• Law firm Campbell Conroy & O’Neil, who provide services to large companies like Ford, Boeing, and Dow Chemical, suffered a breach in February and is now fessing up to it
  • Florida headquartered cloud services provider Cloudstar hit by ransomware attack
  • UK rail operator Northern Rail’s ticket machines, provided by Flowbird, taken offline following ransomware outbreak
  • Kaseya obtains master decryptor to help affected partners restore their operations

Threat intel

  • Huawei’s 2018 promise to spend $2BN on improvements has fixed some historic problems while new issues have been uncovered, resulting in “no overall improvement” in software quality and cyber security over the last three years, according to the latest report from the UK Huawei Cyber Security Evaluation Centre (HCSEC), staffed by NCSC and Huawei
  • Bank of England urged to ‘get a grip’ on the concentration of U.K. financial services now dependent on the cloud services of just AWS, Microsoft and Google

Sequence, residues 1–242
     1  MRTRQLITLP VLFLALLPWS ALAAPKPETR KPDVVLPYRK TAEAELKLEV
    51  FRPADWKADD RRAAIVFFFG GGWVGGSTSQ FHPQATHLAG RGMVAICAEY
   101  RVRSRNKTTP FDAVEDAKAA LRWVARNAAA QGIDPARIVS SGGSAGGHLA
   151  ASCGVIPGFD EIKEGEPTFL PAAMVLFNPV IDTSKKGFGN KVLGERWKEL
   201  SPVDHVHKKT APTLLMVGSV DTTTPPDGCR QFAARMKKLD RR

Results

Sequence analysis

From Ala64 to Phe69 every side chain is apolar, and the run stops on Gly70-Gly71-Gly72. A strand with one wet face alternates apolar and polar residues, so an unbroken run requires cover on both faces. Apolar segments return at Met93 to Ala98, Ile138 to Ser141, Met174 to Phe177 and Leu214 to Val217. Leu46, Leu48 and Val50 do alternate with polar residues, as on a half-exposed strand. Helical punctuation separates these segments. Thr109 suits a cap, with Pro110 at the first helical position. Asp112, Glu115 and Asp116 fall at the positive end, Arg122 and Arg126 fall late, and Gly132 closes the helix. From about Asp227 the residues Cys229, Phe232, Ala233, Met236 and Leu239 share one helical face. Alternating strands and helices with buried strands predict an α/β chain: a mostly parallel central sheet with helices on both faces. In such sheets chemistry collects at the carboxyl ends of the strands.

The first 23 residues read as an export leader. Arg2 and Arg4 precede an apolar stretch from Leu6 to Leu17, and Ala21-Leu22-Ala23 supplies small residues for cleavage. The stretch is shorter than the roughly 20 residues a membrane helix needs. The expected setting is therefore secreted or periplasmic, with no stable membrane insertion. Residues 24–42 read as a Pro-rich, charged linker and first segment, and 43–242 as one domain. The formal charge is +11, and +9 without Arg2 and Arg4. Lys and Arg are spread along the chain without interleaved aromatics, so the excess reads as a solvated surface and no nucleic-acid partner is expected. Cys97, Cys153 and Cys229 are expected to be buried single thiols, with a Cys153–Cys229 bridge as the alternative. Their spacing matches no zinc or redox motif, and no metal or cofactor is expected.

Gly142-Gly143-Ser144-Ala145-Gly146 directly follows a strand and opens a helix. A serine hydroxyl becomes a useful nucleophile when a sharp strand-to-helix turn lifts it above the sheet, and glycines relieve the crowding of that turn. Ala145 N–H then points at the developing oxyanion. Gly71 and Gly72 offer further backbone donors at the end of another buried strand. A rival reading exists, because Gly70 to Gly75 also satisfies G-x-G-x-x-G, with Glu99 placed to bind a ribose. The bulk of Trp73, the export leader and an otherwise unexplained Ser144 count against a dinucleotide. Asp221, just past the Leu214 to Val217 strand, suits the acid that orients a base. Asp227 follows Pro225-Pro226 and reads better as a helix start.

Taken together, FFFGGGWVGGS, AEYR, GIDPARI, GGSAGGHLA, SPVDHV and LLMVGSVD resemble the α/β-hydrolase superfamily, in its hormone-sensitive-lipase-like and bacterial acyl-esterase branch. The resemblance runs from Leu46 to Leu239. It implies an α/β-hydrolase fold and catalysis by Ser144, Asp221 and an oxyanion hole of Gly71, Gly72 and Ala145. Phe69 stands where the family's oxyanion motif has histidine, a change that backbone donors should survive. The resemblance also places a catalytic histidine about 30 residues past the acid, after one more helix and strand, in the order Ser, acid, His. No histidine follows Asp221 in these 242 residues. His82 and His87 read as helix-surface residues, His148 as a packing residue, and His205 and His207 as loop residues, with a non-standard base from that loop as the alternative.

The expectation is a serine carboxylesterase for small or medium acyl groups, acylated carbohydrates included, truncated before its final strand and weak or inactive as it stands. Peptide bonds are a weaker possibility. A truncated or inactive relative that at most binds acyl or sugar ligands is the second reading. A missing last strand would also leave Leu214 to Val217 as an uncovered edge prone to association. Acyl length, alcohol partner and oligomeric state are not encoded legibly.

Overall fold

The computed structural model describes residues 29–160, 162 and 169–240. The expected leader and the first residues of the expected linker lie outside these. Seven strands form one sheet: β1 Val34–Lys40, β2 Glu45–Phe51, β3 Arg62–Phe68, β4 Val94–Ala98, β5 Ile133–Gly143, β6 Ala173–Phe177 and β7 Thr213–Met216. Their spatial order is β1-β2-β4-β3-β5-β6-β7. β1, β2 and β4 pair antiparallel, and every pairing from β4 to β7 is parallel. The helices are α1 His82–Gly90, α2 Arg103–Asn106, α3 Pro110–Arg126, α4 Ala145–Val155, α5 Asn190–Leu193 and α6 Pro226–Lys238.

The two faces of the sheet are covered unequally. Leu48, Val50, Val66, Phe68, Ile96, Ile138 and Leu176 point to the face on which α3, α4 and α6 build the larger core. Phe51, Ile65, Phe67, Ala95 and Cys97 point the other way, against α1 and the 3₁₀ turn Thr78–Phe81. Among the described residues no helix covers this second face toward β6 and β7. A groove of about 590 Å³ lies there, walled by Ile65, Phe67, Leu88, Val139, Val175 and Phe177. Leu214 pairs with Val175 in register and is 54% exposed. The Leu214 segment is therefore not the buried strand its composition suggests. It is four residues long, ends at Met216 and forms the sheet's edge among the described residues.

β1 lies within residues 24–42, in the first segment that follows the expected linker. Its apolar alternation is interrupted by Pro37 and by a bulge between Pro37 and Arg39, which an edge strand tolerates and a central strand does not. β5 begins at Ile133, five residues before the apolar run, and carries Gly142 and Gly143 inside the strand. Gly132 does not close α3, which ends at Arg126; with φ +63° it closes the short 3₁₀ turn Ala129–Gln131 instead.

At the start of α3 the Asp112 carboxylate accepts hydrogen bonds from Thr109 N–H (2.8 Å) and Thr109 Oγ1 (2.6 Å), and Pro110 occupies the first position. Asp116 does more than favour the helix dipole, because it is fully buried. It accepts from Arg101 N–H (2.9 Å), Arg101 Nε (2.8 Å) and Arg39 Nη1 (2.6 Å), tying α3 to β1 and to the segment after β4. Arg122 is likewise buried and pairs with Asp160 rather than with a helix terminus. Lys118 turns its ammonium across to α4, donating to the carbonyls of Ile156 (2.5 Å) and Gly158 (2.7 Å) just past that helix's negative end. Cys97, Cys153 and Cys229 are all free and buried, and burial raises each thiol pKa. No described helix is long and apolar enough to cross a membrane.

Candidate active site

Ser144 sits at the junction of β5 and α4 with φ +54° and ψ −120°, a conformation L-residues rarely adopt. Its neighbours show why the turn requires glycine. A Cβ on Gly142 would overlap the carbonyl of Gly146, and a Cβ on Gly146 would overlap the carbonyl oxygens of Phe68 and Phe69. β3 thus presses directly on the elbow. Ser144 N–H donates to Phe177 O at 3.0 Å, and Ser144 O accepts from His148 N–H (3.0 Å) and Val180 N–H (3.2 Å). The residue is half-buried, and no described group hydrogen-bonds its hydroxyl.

• New group using ads on search engines to drive victims to download malware
  • Password stealing malware Formbook has been ported to macOS, called XLoader
  • Misconfigured Argo Workflows provide an attack vector for crypto-mining malware against Kubernetes clusters


  • Patch or workaround available for remote code vulnerability in Fortinet’s FortiManager and FortiAnalyzer
  • (Now fixed) vulnerability in Windows Hello (face recognition) allowed bypass of authentication using a special printed image of user’s face because IR webcam inputs were subject to less rigorous validation than RGB counterparts
  • iOS wifi bug that bricked devices could also be used for code execution
  • Bug in Linux’s systemd allows unprivileged users to cause a kernel panic and denial of service
  • Local privilege escalation found in Linux filesystem affecting Ubuntu, Debian, Fedora and other distributions (CVE-2021-33909; though Qualys would like you to call it Sequoia), and, in similar news…
  • Windows ‘SAM’ files can be read through shadow volume copies, allowing access to the NTLM hashes of privileged users to evaluate privileges (CVE-2021-36934 / SeriousSAM / HiveNightmare). Temporary mitigation available from Microsoft,
  • Critical remote code execution vulnerability in Atlassian’s Jira Data Center and Jira Service Management Data Center products

Security engineering

Internet of Things